Ben Lindbergh: Kind of a fun scenario, but don't think the Angels would do it or the Phillies could afford to do it even if they would. Can you imagine Howard, Hamilton, and Pujols on the same team in 2016? Goodness. Between those three and Hamels, the Phillies would owe $104.5 to four players, not to mention whatever Trout is making by then. They should get a big new TV deal after 2015, assuming the broadcast bubble hasn't burst by then, but yikes.
John (CT): Buxton = Alfonso Soriano in his prime?
Ben Lindbergh: I suppose his ceiling would be that, but better defensively. Which isn't to say that he'll get there.
John (CT): Odds that Dylan Bundy makes a full recovery?
Ben Lindbergh: 85-90 percent is the probability I usually hear cited for TJ today.
Jay (Vancouver): What do you think of Ryan Braun? I'm getting more and more skeptical about his long-term future. yeah yeah I know people are saying he is not gonna be suspended during this season..
But MLB seems just dogging him to the hell.. It seems like the suspension is coming on some time in the future at least.
On the other hand, Chris Davis transformed himself from strikeout machines to Barry Bonds, well with more strikeouts, of course.
Who do you like better for the rest of their careers: Ryan Braun or Chris Davis? Will Ryan Braun ever stop from free falling?
Ben Lindbergh: "Free falling" seems a little extreme, and even if he is suspended at some point, I don't know that that would affect my expectations for his long-term future all that much. Chris Davis is incredible, but Braun has been on a Hall of Fame-type trajectory for some time. I think it would be premature to jump ship.
Hank (NYC): How do you write so much and so well? Is writing articles easy for you?
Ben Lindbergh: I feel like Ian McKellen in Extras. "How do I act so well?"
There are people I'm in awe of who write much better and much more often than I do. Ask them this question! As for me, I wouldn't say writing is easy for me, but it's probably easier than researching and coming up with topics.
Nate (Indy): Paul Blackburn has put up good numbers in his first three starts. I realize it's short season A ball but is he a legitimate pitching prospect?
Ben Lindbergh: There are probably big-league pitchers at the back of bullpens and hitters at the back of benches (most of them Marlins) I haven't heard of, so I definitely don't have a dossier on a 19-year-old in the Northwest League who's pitched a total of 35 2/3 innings as a professional. Full disclosure: when I get a question like this, I scan the names on my Gchat contacts list, hoping to see someone on our prospect staff available. Then I paste it to that person and type the word, "Help."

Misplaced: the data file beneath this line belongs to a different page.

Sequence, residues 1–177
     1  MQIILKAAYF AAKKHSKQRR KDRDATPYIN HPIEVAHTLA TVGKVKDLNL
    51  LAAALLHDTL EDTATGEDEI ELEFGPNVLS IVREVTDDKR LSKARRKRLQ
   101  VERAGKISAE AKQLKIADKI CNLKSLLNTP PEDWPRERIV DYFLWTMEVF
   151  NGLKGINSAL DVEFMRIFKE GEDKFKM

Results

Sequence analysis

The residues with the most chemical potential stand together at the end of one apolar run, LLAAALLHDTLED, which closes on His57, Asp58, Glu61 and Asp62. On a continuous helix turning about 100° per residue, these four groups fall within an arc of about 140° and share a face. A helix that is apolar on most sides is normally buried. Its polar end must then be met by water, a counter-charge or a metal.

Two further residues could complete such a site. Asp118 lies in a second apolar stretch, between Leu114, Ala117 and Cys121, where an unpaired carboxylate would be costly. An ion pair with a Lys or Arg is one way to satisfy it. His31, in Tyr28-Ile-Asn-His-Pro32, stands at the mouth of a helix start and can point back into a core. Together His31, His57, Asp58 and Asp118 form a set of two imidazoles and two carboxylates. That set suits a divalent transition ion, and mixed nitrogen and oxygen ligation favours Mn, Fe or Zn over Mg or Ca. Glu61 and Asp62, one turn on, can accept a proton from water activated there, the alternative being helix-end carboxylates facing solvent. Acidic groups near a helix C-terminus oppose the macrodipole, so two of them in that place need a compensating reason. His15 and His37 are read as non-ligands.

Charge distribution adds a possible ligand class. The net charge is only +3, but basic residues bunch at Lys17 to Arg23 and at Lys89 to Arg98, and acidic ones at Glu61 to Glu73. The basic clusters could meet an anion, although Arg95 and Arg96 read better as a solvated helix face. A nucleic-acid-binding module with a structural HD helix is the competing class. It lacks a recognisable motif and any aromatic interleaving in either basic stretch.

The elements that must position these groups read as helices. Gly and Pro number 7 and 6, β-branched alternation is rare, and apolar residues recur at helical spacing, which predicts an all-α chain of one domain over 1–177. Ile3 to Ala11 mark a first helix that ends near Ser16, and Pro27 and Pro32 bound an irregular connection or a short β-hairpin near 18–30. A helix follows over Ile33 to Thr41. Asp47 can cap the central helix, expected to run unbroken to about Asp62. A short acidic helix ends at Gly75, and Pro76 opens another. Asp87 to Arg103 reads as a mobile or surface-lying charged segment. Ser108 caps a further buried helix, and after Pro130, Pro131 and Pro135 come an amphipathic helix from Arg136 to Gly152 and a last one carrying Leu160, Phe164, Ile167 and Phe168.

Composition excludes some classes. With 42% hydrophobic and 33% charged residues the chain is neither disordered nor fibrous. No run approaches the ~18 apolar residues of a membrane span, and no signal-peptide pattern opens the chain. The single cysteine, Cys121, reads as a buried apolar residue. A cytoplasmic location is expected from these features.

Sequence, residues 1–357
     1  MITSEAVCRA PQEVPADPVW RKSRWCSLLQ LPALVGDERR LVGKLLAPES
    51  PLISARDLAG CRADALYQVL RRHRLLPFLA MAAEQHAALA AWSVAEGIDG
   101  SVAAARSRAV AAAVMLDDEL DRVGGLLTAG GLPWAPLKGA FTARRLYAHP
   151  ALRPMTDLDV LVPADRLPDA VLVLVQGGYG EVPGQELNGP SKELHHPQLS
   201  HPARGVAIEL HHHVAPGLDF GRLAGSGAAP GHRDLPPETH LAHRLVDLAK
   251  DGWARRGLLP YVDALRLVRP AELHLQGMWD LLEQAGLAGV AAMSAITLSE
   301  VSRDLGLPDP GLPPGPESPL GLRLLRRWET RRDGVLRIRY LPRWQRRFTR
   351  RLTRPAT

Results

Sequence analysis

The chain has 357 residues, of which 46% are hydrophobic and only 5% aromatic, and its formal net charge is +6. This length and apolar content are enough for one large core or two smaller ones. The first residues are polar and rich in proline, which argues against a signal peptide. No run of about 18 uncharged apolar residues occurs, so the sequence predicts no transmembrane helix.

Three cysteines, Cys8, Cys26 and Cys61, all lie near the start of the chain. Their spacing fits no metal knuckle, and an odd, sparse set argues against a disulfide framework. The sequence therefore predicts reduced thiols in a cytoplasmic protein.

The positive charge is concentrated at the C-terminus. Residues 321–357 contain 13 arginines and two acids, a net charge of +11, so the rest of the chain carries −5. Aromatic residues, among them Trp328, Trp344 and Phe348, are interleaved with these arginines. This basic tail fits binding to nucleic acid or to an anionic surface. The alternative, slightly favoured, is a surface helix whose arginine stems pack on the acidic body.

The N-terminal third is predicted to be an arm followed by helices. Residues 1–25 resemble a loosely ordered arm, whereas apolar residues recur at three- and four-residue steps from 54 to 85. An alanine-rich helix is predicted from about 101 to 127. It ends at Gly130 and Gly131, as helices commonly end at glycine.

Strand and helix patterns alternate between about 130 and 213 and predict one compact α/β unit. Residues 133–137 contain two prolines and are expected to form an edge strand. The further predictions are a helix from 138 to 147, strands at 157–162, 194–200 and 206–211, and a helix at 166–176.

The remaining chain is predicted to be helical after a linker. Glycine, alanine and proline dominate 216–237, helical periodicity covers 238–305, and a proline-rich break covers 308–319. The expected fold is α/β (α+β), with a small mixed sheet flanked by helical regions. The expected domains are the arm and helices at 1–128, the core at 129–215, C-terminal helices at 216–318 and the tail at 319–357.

This time, Mark Anderson was the lucky recepient of my IM. Here's what Mark said: "Definitely a legitimate prospect...projectable guy, good body, low-90s FB that can reach 94 and there's more in the tank down the line, CB and CH both project to at least average. possible mid-rotation guy."
So now we know those things about Paul Blackburn. I'm amazed by the knowledge of people who write about prospects, and even more amazed by the knowledge of people who don't write about prospects, but still want to know everything about them.
Alex (San Jose): Since you cornered the market on catcher framing, what big market inefficiency do you see being exploited next?
Ben Lindbergh: I think there's plenty we still don't know about framing, but probably pitcher usage, injuries, and mechanics. Maybe sequencing, maybe clubhouse chemistry (though I suspect the gains to be made in the latter are modest). I'm sure the teams that do the best job of analyzing the volumes of information FIELDf/x is about to start providing will have a temporary edge in player evaluation and defensive positioning. And I still think there's some inefficiency in the way the typical front-office-field staff relationship works, as I wrote here.
Joseph (Texas): Next big BP #hashtag?
Ben Lindbergh: I'm only peripherally involved in the hashtag creation process, but probably something sensual.
Karl (Chicago): Will anyone ever bring back the player-manager? The Marlins could save some cash.
Ben Lindbergh: I'd love to see it, but I'd be very surprised. Too many demands on players' and managers' time for one person to do both well. It would be like the restaurant scene in Mrs. Doubtfire--at some point, he wouldn't be able to keep up the act.
Michael (CA): Do you agree with Dave Cameron that Chase Utley to the A's makes too much sense to NOT happen?
Ben Lindbergh: Haven't read Dave's piece, since it went up just as I started chatting, but it seems to me that the biggest obstacle in the way of Chase Utley going to any one particular team is the other teams that it might also make sense for him to be traded to. Most trades that make sense don't happen.